Present-day Turkey was founded in 1923 with the fall of the Ottoman Empire. Mustafa Kemal, the national hero who helped defeat the Ottoman Empire, was late dubbed Ataturk, which means Father of the Turks. Ataturk became the leader of the newly founded Turkish state. He led the country toward several reforms under a one-party system. However in 1950, a multi-party system emerged and the opposing party won the election. Fortunately, the transfer of power was peaceful.
Since the 1950 emergence of the multi-party system, political parties in Turkey have multiplied. Several coups have disturbed the peace and democratic system. These coups, occurring in 1960, 1971, and 1980, have destabilized the country and were militarily led. After each coup, the power of the government was returned to the civilians. In 1997, another military coup was attempted. It was coined a post-modern coup and wanted to overthrow the Islamic-oriented government. Another coup was attempted in July 2016. This attempted was led with support from a section of the Turkish Armed Forces.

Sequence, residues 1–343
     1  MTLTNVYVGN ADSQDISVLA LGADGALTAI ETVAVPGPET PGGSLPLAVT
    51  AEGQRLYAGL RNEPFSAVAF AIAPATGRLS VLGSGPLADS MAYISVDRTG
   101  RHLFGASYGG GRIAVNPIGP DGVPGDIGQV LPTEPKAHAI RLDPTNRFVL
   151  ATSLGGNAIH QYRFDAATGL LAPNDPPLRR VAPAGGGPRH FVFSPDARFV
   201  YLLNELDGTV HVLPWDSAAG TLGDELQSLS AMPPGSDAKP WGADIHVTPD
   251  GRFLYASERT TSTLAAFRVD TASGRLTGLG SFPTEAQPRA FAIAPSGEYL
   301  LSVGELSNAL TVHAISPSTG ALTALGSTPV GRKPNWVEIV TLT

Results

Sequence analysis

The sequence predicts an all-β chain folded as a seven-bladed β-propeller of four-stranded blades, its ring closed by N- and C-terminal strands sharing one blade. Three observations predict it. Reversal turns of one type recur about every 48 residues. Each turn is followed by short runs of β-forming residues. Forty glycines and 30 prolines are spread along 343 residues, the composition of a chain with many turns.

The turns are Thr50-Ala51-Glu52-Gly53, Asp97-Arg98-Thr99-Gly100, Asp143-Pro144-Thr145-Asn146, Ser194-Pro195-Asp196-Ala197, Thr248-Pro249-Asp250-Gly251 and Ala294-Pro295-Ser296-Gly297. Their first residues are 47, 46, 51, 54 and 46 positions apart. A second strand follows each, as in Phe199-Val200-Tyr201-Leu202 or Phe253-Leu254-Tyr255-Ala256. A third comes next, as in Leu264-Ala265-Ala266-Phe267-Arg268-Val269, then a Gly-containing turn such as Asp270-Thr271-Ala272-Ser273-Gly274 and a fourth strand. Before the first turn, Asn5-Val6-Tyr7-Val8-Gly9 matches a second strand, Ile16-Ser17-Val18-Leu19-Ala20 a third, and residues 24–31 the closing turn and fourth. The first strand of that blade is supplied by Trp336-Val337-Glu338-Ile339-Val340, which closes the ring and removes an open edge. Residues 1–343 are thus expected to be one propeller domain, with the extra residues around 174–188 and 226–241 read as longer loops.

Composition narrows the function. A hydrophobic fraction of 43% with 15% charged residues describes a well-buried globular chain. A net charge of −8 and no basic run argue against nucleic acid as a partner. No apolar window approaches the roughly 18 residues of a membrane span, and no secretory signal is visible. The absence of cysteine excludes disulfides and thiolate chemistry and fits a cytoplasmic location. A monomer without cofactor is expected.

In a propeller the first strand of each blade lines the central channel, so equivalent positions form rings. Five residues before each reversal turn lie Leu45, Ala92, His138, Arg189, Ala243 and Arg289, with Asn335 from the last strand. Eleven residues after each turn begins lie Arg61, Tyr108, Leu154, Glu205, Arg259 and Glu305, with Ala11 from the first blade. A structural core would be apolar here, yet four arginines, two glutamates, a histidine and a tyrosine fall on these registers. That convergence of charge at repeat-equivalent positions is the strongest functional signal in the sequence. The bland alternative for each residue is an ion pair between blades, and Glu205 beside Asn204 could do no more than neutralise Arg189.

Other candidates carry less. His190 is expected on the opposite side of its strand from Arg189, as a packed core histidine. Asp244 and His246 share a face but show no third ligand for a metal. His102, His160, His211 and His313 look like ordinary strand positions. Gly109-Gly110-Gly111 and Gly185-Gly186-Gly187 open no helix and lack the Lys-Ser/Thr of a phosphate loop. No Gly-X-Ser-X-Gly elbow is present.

The United States maintained their strongest relations with Turkey during World War II and the Cold War. Their relationship has been in decline since the Iraq War and Syrian Civil War, which have destabilized the region and led each country to forge conflicting alliances. However, Turkey has supported American efforts in the War on Terror and remains an important ally to the U.S. through NATO.
The Embassy of Turkey constructed its current chancery on 2525 Massachusetts Avenue in 1999. Previously, the embassy was located at the Edward Everett house on 23rd Street. Today, the Everett house is the Turkish Ambassador's residence.